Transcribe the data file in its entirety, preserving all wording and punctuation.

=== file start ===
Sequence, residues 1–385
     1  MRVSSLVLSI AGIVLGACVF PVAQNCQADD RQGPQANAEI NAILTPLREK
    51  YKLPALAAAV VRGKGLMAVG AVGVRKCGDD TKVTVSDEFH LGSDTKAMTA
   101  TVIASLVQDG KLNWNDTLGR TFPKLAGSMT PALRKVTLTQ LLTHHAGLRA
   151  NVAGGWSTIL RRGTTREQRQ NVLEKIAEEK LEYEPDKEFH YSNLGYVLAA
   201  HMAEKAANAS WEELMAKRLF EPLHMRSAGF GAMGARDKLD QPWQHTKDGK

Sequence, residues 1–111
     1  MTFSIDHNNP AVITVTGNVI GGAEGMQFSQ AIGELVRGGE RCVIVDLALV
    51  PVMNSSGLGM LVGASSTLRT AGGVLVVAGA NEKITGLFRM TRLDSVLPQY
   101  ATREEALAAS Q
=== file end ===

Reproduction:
Sequence, residues 1–385
     1  MRVSSLVLSI AGIVLGACVF PVAQNCQADD RQGPQANAEI NAILTPLREK
    51  YKLPALAAAV VRGKGLMAVG AVGVRKCGDD TKVTVSDEFH LGSDTKAMTA
   101  TVIASLVQDG KLNWNDTLGR TFPKLAGSMT PALRKVTLTQ LLTHHAGLRA
   151  NVAGGWSTIL RRGTTREQRQ NVLEKIAEEK LEYEPDKEFH YSNLGYVLAA
   201  HMAEKAANAS WEELMAKRLF EPLHMRSAGF GAMGARDKLD QPWQHTKDGK

Sequence, residues 1–111
     1  MTFSIDHNNP AVITVTGNVI GGAEGMQFSQ AIGELVRGGE RCVIVDLALV
    51  PVMNSSGLGM LVGASSTLRT AGGVLVVAGA NEKITGLFRM TRLDSVLPQY
   101  ATREEALAAS Q